Now, 869 days later, PW Productions’ tour returns to haunt the York theatre once more, “direct from the West End”, with a cast of Malcolm James as lawyer Arthur Kipps and Mark Hawkins as The Actor.

Malcolm and Mark have previous form for presenting the tale of an elderly lawyer obsessed with a curse that he believes has been cast over his family by the spectre of a “Woman in Black” for 50 years.  

“We did the show together very briefly in Dubai, for 11 performances, in 2017,” recalls Malcolm. “It might have seemed unusual doing a really ghostly story at Christmas in a modern Dubai building, but it proved very popular, though stepping outside the accommodation and theatre into 40-degree heat was a bit of a learning curve for me!”

Renewing the partnership on the 2023-2024 tour, James and Hawkins will be playing York amid the more apt winter chill, as Arthur Kipps engages a sceptical young actor to help him tell his terrifying story and exorcise the fear that grips his soul. “Mark is a wonderful young actor, very engaged and really committed to the play, bringing such intensity to it, never letting me drop from my A-game,” says Malcolm.

Mark Hawkins as The Actor, left, and Malcolm James as Arthur Kipps in The Woman In Black. Picture: Mark Douet 

He first played Arthur Kipps on the 2014-2015 tour and in a subsequent West End run at the Fortune Theatre, London, in 2016, both with Matt Connor in the role of The Actor. “The show certainly changed from where we started, and that’s one of the joys of doing long runs. I keep learning, as I’ve been doing throughout my career,” says Malcolm.

“After drama school, a three-week run at Leeds Playhouse feels huge, when you’ve not done that before, but then, when you start doing tours, you find out how limiting a short run is. And because The Woman In Black is a two-hander, there’s so much more to explore, as you keep discovering new things, where suddenly a new emphasis is thrown up when one actor says a line differently.”

As ever, Robin Herford is directing the latest tour. “Working again with the same director is a joy because it’s my favourite play, my favourite part, so rewarding, as you get the initial feedback from the chills, the thrills, the mystery, but ultimately it’s a very human story of grief,” says Malcolm.

“Arthur Kipps is full of suffering, tormented by the burden of this demon that he needs to purge by telling his story. This time Robin [Herford] wanted to make it grittier, and it’s definitely become darker and richer, so as much as the audience may get caught up in the ‘jump scares’, they’re relating to the human drama too.”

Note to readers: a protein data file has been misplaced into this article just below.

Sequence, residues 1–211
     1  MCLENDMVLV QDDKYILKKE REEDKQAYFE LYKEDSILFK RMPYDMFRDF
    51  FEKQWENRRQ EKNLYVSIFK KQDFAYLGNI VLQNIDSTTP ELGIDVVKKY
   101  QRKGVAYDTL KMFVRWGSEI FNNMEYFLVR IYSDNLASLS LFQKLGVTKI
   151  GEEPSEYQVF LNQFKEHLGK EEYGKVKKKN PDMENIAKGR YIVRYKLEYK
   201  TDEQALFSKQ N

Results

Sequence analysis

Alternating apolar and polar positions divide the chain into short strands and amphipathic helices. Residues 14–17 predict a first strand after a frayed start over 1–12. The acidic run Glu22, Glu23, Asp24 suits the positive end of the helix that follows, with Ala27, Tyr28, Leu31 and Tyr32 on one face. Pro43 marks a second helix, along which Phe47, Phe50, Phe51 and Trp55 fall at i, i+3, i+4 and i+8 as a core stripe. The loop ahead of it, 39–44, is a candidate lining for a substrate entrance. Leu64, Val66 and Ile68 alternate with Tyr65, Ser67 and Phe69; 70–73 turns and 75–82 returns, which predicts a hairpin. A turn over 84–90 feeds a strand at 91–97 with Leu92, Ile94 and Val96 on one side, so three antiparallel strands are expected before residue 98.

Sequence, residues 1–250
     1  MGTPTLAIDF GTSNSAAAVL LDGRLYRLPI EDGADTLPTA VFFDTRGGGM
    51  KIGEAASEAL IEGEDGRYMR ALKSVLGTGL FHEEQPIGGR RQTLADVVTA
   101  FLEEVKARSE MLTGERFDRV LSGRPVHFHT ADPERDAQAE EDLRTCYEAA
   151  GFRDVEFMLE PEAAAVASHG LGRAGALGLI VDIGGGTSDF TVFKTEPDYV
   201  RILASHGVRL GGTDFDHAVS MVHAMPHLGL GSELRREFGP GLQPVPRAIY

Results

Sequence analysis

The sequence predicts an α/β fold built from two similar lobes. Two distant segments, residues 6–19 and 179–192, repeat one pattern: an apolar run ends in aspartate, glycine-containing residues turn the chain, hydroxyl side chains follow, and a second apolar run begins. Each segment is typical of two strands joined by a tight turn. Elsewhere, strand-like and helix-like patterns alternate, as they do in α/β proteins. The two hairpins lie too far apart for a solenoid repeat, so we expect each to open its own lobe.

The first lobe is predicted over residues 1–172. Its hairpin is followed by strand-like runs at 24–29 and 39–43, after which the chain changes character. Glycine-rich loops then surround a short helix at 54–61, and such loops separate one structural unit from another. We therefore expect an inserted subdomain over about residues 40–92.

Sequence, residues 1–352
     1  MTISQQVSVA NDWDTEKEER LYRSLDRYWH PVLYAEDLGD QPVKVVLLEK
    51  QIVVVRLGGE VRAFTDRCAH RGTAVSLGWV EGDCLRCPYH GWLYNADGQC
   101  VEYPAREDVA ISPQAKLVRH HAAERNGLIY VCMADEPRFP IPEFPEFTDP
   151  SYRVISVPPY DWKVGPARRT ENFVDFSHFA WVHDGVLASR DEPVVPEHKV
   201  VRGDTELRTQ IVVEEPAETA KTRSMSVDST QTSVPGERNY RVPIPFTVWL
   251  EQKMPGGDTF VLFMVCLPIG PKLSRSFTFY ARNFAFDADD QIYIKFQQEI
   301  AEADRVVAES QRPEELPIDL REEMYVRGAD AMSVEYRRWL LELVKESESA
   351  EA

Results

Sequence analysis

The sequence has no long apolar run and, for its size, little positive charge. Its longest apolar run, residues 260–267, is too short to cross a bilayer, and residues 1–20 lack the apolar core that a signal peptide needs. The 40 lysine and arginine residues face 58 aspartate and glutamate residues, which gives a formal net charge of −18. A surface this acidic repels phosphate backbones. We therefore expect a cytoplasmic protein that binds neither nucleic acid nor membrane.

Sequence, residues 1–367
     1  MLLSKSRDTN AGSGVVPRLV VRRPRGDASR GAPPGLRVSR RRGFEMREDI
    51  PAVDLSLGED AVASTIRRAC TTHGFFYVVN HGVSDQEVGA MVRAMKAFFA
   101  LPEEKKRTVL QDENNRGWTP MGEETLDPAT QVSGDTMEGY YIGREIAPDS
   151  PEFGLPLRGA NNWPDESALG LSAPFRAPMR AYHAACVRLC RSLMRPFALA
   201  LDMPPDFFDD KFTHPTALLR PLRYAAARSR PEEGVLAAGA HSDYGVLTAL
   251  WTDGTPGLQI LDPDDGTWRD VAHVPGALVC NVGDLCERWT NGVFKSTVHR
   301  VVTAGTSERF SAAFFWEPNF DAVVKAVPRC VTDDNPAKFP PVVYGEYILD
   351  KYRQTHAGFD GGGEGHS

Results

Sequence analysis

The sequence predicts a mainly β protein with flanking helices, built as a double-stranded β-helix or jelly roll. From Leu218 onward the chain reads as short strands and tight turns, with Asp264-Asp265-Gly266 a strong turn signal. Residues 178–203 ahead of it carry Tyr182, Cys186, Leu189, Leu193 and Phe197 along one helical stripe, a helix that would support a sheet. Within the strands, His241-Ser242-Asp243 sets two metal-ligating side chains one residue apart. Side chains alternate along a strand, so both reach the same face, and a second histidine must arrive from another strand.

Malcolm thrives on performing a play that revels in its own theatrical setting, steeped in atmosphere, illusion and horror. “It’s set up from the beginning, just two people on stage who are going to rehearse a play from Kipps’s story with basic props,” he says.

“The audience willingly slips into thinking they are watching the real thing unfold, not just watching two actors, and it absolutely shows the power of what theatre can do that no other medium does, where everyone becomes caught up in a brilliant piece of storytelling.

Malcolm James, left, and Matt Connor on the 2014-2015 tour of The Woman In Black that visited York Theatre Royal in November 2014. Picture: Tristram Kenton

“Stephen Mallatratt is absolutely faithful to the novel and to the language of the period, and he’s brilliant at building up the story, where each time he goes back into the drama, he does it for longer, with comedy and anticipation at first, until the story becomes relentless to the point where most of the second half is set in the [haunted] house.”

The 2014-205 tour brought Malcolm to York Theatre Royal in November 2014. “I haven’t played the Grand Opera House before, and that’s another joy of touring because playing different theatres helps to keep it fresh,” he says.

“In London, we played it in a 1920s’ theatre, The Fortune, which was perfect as it was small and close up, but on tour it’s a challenge every week, such as dealing with the differing acoustics.

“If you’re playing a theatre that’s seen better days, in a play with an old theatre setting, that’s fantastic, and I love working in proscenium-arch theatres for that reason, but it still works in a modern theatre, a big wooden barn, where you’re asking for an extra level of suspension of disbelief.”

First Matt Connor, now Mark Hawkins, Malcolm has enjoyed the chemistry of both partnerships, so vital to the play’s impact. “I’ve been very lucky with both Matt and Mark,” he says. “It’s great if there’s a personal rapport as well as a professional one, and I’ve had that each time, making the relationship work on stage, having a pint together afterwards.”

The Woman In Black spooks Grand Opera House, York, January 30 to February 3, 7.30pm plus 2.30pm Wednesday and Saturday matinees. Box office:

Copyright of The Press, York

Favourite play, favourite role: Malcolm James’s verdict on playing Arthur Kipps in The Woman In Black